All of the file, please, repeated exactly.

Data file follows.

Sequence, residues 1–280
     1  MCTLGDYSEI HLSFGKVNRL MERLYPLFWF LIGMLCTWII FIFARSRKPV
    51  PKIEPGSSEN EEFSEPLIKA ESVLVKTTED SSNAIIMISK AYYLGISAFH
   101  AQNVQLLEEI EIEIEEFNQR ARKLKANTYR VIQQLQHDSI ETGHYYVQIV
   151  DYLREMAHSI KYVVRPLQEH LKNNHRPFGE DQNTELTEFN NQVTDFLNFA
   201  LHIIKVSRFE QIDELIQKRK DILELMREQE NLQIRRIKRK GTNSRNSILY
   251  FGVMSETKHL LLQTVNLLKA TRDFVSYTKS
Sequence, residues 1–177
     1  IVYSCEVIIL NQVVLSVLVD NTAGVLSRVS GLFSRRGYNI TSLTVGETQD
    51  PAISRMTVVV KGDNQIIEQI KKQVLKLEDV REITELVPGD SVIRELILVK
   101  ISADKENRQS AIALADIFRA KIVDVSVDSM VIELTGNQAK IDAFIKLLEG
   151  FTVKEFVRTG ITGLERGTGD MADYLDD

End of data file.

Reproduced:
Sequence, residues 1–280
     1  MCTLGDYSEI HLSFGKVNRL MERLYPLFWF LIGMLCTWII FIFARSRKPV
    51  PKIEPGSSEN EEFSEPLIKA ESVLVKTTED SSNAIIMISK AYYLGISAFH
   101  AQNVQLLEEI EIEIEEFNQR ARKLKANTYR VIQQLQHDSI ETGHYYVQIV
   151  DYLREMAHSI KYVVRPLQEH LKNNHRPFGE DQNTELTEFN NQVTDFLNFA
   201  LHIIKVSRFE QIDELIQKRK DILELMREQE NLQIRRIKRK GTNSRNSILY
   251  FGVMSETKHL LLQTVNLLKA TRDFVSYTKS
Sequence, residues 1–177
     1  IVYSCEVIIL NQVVLSVLVD NTAGVLSRVS GLFSRRGYNI TSLTVGETQD
    51  PAISRMTVVV KGDNQIIEQI KKQVLKLEDV REITELVPGD SVIRELILVK
   101  ISADKENRQS AIALADIFRA KIVDVSVDSM VIELTGNQAK IDAFIKLLEG
   151  FTVKEFVRTG ITGLERGTGD MADYLDD